The attorney for appellant Walsh filed a brief pursuant to Anders v. California, 386 U.S. 738, 87 S.Ct. 1396, 18 L.Ed.2d 493 (1967). The Government's motion to dismiss the appeal as frivolous was granted in open court
Schoenly, Areiter and Burns, named with appellants in the original indictment, testified for the Government at the trial below, having pleaded guilty to the conspiracy count
Nitti, who was also named with appellants in the original indictment, pleaded guilty to conspiracy and testified for the Government at trial
Boyle pleaded guilty to possession of stolen goods and testified against the appellants at trial
During Kaplan's absence no direct testimony was introduced against Terri, and there is no persuasive evidence of prejudice from counsel's unavailability during this short interval
See, e. g., Garland v. Cox, 472 F.2d 875 (4th Cir.), cert. denied, 414 U.S. 908, 94 S.Ct. 217, 38 L.Ed.2d 146 (1973)
Appellant, more specifically, complains of Kaplan's decision not to present testimony, but simply to join in a stipulation that Terri was present in Massachusetts (not New York) on March 17 and 18 and that her parents (and not she) owned the house where the stolen watches were first hidden. Kaplan, however, stressed these exculpatory facts in both his opening and closing statements, insuring their impact would not escape the sensibilities of the jury. See United States v. Calabro, 467 F.2d 973, 985-86 (2d Cir. 1972), cert. denied, 410 U.S. 926, 93 S.Ct. 1357, 35 L.Ed.2d 587, rehearing denied, 411 U.S. 941, 93 S.Ct. 1891, 36 L.Ed.2d 404 (1973)
We need not linger over Terri's claim that there was insufficient independent, non-hearsay evidence to connect her to the conspiracy, United States v. Geaney, 417 F.2d 1116, 1120 (2d Cir. 1969), cert. denied sub nom. Lynch v. United States, 397 U.S. 1028, 90 S.Ct. 1276, 25 L.Ed.2d 539 (1970). On March 21 Walsh instructed Schoenly, in Terri's presence, to hire a truck to move the stolen goods. Terri reserved the truck, furnished part of the funds necessary to rent the vehicle, and tended bar in Schoenly's place while he performed his mission. The cartons of stolen watches were hidden in Terri's basement from March 17-21, and she was present in New York during the final three days of that period. These non-verbal acts, see Lutwack v. United States, 344 U.S. 604, 617-19, 73 S.Ct. 481, 97 L.Ed. 593, rehearing denied, 345 U.S. 919, 73 S.Ct. 726, 97 L.Ed. 1352 (1953) and circumstantial evidence, were sufficient to permit the jury to draw the reasonable inference that Terri "knew about the enterprise and intended to participate in it or make it succeed," United States v. Cirillo, 499 F.2d 872, 883 (2d Cir.), cert. denied, 419 U.S. 1056, 95 S.Ct. 638, 42 L.Ed.2d 653 (1974)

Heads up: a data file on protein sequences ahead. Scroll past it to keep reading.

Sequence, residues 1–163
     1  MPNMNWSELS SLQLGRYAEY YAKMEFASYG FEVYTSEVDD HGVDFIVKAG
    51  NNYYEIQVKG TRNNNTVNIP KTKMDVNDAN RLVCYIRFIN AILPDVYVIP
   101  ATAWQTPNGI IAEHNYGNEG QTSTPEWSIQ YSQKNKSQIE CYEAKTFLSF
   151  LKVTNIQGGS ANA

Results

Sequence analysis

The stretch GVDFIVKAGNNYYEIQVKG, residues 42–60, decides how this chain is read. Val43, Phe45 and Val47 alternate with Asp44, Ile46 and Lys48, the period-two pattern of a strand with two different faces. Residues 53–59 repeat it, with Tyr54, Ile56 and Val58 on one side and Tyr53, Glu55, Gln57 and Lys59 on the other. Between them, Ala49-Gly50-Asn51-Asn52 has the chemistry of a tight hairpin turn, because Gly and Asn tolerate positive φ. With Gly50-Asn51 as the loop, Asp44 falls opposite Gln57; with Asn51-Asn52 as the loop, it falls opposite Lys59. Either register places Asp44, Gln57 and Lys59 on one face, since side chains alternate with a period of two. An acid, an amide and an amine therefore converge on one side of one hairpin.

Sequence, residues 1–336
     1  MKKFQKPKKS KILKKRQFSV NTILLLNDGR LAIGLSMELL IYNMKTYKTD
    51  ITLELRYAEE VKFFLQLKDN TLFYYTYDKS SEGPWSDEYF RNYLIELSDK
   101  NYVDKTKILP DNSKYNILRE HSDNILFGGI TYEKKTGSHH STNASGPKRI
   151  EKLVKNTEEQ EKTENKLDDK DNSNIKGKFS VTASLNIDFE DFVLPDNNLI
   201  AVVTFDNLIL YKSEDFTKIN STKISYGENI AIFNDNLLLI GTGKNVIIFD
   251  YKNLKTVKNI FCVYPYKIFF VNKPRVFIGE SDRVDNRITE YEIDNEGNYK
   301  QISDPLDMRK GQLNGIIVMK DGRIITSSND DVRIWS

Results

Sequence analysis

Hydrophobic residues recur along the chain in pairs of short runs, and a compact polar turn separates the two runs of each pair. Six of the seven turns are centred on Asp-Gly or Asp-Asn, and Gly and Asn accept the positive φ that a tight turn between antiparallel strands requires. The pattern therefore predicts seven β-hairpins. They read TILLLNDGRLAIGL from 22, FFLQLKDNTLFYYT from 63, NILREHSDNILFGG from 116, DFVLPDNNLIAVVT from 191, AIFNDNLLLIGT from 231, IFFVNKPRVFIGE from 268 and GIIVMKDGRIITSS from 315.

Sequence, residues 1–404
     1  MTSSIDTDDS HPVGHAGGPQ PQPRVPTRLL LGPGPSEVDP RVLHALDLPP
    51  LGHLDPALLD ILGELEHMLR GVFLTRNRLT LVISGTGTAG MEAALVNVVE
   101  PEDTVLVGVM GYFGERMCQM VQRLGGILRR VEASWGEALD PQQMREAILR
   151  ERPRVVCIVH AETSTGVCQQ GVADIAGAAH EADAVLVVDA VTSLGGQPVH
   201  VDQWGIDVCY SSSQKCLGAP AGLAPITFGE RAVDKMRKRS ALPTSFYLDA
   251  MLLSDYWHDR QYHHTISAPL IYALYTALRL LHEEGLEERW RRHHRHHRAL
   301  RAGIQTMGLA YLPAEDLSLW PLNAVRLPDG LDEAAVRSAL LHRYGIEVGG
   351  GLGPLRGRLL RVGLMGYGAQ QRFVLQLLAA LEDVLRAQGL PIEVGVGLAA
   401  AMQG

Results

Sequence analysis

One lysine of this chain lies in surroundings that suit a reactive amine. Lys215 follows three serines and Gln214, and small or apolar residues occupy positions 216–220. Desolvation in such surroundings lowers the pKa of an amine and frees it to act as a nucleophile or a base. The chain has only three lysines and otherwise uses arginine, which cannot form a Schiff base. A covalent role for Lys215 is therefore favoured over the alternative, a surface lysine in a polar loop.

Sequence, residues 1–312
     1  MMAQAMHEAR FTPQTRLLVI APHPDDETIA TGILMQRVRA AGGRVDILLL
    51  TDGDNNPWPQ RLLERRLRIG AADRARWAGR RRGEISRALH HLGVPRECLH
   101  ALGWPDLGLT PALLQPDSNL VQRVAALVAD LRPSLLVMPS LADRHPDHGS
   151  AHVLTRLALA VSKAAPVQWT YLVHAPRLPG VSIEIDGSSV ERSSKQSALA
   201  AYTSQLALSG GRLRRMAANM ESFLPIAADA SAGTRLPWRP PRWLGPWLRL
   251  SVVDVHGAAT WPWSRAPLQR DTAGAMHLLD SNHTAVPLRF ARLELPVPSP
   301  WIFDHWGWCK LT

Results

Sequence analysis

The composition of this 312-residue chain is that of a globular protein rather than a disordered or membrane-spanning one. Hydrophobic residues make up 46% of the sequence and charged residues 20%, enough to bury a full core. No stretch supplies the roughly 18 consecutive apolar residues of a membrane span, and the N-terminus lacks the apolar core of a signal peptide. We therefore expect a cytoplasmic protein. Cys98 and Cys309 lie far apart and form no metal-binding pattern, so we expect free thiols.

The relevant portion of the charge as to the necessary element of guilty knowledge in the possession count follows:
Two of the defendants have flatly testified that they had no such knowledge. Now, in this connection bear in mind that one may not willfully and intentionally remain ignorant of a fact, important and material to his conduct, in order to escape the consequences of the criminal law.
If you find from all the evidence beyond a reasonable doubt that any defendant believed he or she received and was then in possession of stolen watches and deliberately and consciously tried to avoid learning that the watches in question were stolen in order to be able to say, should he or she be apprehended, that he or she did not know, you may treat this deliberate avoidance of positive knowledge as the equivalent of knowledge.
In other words, you may find that any defendant acted knowingly if you find that either he or she actually knew that he or she had received stolen watches or that he or she deliberately closed his or her eyes to what he or she had every reason to believe was the fact.
I should like to emphasize, ladies and gentlemen, that the requisite knowledge cannot be established by demonstrating merely negligence or even foolishness on the part of a defendant.